"I think gold is a great thing to sew into your garments if you're a Jewish family in Vienna in 1939, but I think civilized people don't buy gold. They invest in productive businesses."
|Warren Buffett once bought a third of the world's silver supplies.|
Some might be stung by the hypocrisy of this statement: Warren Buffett -- Munger's business partner at Berkshire Hathaway -- once bought a third of the world's silver supplies when he thought the metal was underpriced. But I can think of a man who would have taken ideological issue with Munger's comments: Warren Buffett's dad.The late-Congressman Howard Buffett is a posthumous pillar of the Libertarian party, the anti-war movement and asset-backed currency -- the "Ron Paul of his day," according to Philip Klein. And on the subject of gold, Buffett Sr. may have penned the best-ever essay in support of a gold standard: "Human Freedom Rests on Gold-Redeemable Money."
|Is there a connection between Human Freedom and A Gold Redeemable Money? At first glance it would seem that money belongs to the world of economics and human freedom to the political sphere. But when you recall that one of the first moves by Lenin, Mussolini and Hitler was to outlaw individual ownership of gold, you begin to sense that there may be some connection between money, redeemable in gold, and the rare prize known as human liberty. Also, when you find that Lenin declared and demonstrated that a sure way to overturn the existing social order and bring about communism was by printing press paper money, then again you are impressed with the possibility of a relationship between a gold-backed money and human freedom. ... The subject of a Hitler or a Stalin is a serf by the mere fact that his money can be called in and depreciated at the whim of his rulers. That actually happened in Russia a few months ago, when the Russian people, holding cash, had to turn it in -- 10 old rubles and receive back one new ruble. ... Under such conditions the individual citizen is deprived of freedom of movement. He is prevented from laying away purchasing power for the future. He becomes dependent upon the goodwill of the politicians for his daily bread. Unless he lives on land that will sustain him, freedom for him does not exist.|
You Wouldn't Know It by Watching Cable News, but ...Ron Paul is not advocating for a gold standard. In Paul's recent television appearances, he has argued for "competing currencies," rationalizing that since the U.S. constitution names both gold and silver as tender in payment of debts, the concept of "capital gains and losses" should not apply to these precious metals. In essence, Paul is saying that investors should be free to move between currencies without generating a tax bill. This is a strange concept by today's fiscal and monetary standards, but not unprecedented. During the late 1800s, the U.S. used competing currencies to great effect -- posting strong economic growth -- during a period of overall deflation. Nobel-laureate Milton Friedman, a supporter of an expanding money supply, conceded this point in his book A Monetary History of the United States, 1867-1960. Alas, you can bet that the next time Ron Paul is on television, the network will superimpose this message: "Ron Paul Supports a Gold Standard." At best, this headline is an erroneous simplification of Paul's recent policy suggestions, which are more nuanced and pragmatic. At worst, the media presents a fallacious portrayal of Paul's ideas that serves to discredit him (whether intentionally or not). A more honest simplification would read: "Paul: Eliminate Capital Gains on Gold, Silver." But as The Economist once noted, if the media were to take Ron Paul seriously, they would have to "wrestle with a charged set of geopolitical and economic topics they would rather continue helping Americans not understand."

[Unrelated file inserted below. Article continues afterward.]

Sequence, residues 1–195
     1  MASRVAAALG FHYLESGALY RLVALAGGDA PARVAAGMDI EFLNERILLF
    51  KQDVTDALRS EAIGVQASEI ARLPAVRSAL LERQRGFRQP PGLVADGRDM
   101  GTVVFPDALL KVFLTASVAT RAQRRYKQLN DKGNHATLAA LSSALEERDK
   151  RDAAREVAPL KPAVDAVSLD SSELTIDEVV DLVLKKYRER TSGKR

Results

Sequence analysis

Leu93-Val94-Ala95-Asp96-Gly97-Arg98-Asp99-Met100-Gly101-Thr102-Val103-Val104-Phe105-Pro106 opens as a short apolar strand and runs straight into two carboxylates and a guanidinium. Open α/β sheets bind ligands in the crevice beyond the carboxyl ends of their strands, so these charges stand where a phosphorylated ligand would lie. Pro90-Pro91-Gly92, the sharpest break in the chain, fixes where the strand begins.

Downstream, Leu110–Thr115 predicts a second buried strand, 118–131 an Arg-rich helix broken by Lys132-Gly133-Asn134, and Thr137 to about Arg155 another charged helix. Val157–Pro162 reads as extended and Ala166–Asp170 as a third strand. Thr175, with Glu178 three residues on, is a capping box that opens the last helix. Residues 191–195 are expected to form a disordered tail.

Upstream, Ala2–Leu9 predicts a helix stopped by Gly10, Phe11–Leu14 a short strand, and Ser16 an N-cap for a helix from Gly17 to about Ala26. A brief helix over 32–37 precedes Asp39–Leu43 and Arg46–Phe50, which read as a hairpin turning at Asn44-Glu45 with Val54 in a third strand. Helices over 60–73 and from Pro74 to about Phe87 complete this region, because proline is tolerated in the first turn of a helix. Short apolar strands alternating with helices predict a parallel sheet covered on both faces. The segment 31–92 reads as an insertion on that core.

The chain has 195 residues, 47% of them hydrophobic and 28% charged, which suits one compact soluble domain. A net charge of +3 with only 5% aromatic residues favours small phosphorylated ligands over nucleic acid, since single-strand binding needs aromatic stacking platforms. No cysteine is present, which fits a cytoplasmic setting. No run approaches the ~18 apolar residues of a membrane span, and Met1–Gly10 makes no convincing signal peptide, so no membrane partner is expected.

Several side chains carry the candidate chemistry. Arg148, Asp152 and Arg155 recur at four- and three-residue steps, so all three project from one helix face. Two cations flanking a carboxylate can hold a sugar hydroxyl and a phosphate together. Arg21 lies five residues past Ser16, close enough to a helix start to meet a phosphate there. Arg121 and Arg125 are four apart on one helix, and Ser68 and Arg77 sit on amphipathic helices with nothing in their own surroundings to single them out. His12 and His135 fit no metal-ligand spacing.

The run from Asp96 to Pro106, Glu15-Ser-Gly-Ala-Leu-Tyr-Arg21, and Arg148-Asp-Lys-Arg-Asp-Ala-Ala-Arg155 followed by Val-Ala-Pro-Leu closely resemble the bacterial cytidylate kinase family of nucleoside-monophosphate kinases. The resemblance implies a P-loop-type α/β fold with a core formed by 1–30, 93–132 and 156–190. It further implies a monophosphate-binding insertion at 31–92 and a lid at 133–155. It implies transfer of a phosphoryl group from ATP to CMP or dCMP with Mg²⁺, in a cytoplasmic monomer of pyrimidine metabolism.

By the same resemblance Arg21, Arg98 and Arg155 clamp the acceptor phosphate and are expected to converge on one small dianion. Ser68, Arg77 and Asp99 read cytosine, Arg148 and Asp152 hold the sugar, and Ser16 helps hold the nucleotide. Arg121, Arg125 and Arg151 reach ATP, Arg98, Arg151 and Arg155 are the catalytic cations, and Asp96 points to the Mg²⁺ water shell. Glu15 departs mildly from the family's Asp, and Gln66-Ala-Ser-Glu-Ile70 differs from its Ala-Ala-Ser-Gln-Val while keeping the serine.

Different Means to the Same Desired EndThere is a distinct difference between a gold standard -- the monetary system that Warren Buffett's father staunchly supported -- and a system of competing currencies, the preferred monetary solution of Ron Paul. Yet both saw gold as a tool of democracy and concerned themselves with how monetary policy can impact the standard of living for the average American, for better or worse. Today, both would probably agree for the worse. Leila Buffett, Warren Buffett's mother, recounted that her husband said he considered only one issue when deciding whether to vote for a bill: "Will this add to, or subtract from, human liberty?" Now that's a concept that more policymakers, business leaders, their economists and advisers should ask of themselves. -- Written by John DeFeo in New York City Follow @johndefeo
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